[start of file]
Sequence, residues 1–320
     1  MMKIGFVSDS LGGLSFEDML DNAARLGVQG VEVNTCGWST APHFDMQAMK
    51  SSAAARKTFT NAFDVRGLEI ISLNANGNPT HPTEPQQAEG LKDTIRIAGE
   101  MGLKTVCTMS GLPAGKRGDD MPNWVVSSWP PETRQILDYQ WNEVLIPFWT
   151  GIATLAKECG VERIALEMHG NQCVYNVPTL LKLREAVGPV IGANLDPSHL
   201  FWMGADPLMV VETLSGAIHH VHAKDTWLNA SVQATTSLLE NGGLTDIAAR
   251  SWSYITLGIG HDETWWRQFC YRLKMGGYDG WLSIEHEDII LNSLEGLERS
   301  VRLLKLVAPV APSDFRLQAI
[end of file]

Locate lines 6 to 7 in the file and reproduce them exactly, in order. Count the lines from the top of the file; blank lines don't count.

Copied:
   201  FWMGADPLMV VETLSGAIHH VHAKDTWLNA SVQATTSLLE NGGLTDIAAR
   251  SWSYITLGIG HDETWWRQFC YRLKMGGYDG WLSIEHEDII LNSLEGLERS